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The Chinese Question

Ethnicity, Nation, and Region in and Beyond the Philippines

The rising strength of mainland China has spurred a revival of “Chineseness” in the Philippines. Perceived during the Cold War era as economically dominant, politically disloyal, and culturally different, the “Chinese” presented themselves as an integral part of the Filipino imagined community. Today, as Filipinos seek associations with China, many of them see the local Chinese community as key players in East Asian regional economic development.

        With the revaluing of Chineseness has come a repositioning of  “Chinese” racial and cultural identity. Philippine mestizos (people of mixed ancestry) form an important sub-group of the Filipino elite, but their Chineseness was occluded as they disappeared into the emergent Filipino nation. In the twentieth century, mestizos defined themselves and based claims to privilege on “white” ancestry, but mestizos are now actively reclaiming their “Chinese” heritage. At the same time, so-called “pure Chinese” are parlaying their connections into cultural, social, symbolic, or economic capital, and leaders of mainland Chinese state companies have entered into politico-business alliances with the Filipino national elite. As the meanings of  “Chinese” and “Filipino” evolve, intractable contradictions are appearing in the concepts of citizenship and national belonging.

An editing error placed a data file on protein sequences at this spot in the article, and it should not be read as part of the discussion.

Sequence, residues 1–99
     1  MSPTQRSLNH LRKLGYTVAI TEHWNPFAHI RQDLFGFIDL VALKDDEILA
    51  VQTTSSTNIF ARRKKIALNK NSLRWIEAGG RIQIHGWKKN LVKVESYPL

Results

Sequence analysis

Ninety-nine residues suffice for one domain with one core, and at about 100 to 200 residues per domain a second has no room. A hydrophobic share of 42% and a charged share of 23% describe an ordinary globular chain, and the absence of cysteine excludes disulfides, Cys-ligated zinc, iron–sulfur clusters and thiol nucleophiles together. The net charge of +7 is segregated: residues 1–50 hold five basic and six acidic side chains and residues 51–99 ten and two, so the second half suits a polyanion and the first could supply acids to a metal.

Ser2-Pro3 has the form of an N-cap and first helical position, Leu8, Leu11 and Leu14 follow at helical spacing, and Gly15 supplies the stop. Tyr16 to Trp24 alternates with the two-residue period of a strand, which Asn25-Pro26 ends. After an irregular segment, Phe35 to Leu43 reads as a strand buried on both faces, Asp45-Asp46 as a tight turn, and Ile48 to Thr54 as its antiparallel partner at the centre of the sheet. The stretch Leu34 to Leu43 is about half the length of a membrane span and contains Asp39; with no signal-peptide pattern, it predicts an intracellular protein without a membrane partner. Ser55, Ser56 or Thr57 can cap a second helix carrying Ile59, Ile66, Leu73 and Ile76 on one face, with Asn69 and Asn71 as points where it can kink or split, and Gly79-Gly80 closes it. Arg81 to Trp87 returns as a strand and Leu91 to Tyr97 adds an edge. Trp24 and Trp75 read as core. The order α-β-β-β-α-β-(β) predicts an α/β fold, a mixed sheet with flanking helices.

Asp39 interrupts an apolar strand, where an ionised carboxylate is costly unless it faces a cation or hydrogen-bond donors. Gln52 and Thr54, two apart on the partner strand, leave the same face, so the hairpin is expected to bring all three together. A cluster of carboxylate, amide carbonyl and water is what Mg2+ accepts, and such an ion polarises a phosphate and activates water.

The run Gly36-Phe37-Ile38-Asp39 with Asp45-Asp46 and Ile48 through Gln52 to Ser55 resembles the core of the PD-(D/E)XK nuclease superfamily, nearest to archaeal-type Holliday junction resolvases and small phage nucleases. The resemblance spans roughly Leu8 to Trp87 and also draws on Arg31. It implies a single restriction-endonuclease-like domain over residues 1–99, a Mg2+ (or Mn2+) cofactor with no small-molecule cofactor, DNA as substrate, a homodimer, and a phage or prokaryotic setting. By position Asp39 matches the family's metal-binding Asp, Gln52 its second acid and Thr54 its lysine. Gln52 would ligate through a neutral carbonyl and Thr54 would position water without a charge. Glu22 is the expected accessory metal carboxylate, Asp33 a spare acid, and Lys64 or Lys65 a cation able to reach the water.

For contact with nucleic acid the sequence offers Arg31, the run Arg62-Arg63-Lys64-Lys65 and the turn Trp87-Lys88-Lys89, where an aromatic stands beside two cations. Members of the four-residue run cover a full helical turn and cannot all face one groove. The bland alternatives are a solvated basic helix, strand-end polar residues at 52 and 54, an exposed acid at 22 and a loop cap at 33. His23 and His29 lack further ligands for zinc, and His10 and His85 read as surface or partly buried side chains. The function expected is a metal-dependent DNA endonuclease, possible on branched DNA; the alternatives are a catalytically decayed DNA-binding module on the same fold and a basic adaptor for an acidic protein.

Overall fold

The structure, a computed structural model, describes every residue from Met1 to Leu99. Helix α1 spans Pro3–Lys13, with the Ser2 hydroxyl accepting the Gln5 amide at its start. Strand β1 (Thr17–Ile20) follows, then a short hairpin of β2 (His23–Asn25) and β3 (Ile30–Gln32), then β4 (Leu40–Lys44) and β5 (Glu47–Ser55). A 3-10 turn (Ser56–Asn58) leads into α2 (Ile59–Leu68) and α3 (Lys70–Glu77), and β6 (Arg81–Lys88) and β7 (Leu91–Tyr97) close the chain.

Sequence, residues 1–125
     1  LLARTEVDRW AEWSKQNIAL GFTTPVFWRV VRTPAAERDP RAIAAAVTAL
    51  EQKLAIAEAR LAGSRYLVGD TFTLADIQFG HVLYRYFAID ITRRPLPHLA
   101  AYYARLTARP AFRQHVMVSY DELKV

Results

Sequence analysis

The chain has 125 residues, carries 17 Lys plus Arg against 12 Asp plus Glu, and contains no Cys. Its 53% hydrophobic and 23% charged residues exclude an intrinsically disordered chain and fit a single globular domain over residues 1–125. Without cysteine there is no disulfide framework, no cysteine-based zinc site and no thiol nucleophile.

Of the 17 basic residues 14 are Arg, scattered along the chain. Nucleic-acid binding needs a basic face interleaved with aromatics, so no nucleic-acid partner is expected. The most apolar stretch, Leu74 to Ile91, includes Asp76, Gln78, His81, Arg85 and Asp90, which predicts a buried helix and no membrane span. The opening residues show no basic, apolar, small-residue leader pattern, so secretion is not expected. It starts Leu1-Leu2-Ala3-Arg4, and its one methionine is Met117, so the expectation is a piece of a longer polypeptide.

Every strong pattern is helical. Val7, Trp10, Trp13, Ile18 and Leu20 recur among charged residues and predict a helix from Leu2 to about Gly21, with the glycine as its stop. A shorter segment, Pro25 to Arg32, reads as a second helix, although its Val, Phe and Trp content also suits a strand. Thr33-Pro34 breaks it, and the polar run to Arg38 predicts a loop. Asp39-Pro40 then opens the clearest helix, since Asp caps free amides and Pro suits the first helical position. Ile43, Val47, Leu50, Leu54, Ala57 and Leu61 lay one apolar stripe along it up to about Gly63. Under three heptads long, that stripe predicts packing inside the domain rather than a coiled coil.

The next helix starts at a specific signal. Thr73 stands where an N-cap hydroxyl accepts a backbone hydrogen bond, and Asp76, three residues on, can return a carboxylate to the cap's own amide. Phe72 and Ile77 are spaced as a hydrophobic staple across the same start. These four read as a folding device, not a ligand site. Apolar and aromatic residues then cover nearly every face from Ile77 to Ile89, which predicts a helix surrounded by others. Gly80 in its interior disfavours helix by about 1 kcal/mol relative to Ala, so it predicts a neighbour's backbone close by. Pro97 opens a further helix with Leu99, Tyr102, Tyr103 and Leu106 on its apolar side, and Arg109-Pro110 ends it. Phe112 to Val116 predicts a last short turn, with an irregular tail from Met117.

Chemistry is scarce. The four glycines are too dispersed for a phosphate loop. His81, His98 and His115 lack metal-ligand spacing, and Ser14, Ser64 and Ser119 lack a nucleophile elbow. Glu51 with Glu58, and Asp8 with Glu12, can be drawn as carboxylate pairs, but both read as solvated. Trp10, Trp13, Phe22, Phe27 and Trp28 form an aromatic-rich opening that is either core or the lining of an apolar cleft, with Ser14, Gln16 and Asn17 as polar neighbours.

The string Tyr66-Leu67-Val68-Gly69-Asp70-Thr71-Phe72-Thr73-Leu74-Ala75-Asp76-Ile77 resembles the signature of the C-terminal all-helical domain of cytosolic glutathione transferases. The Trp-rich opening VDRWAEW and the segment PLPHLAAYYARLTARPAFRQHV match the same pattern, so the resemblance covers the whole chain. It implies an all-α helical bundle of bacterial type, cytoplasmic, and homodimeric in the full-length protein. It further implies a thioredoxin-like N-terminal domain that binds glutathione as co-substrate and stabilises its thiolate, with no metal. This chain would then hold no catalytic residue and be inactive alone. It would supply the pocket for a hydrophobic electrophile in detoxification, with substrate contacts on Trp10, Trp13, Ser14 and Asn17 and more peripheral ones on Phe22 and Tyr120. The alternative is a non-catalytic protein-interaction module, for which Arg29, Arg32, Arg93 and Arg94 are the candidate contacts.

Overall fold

Through an examination of cinematic and literary works, The Chinese Question shows how race, class, ideology, nationality, territory, sovereignty, and mobility are shaping the discourses of national integration, regional identification, and global cosmopolitanism.

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"Many variables have shaped the question of the Chinese presence in Southeast Asia. These include state policies and nation-building processes, community responses, localized institutional and environmental factors, specific historical legacies, and external geopolitical factors... Hau explicitly challenges the primacy of China in ethnic Chinese identication, noting how countries such as Singapore have reinvented domestic notions of Chineseness such that it has been simultaneously re/de-territorialized."

Critical Asian Studies

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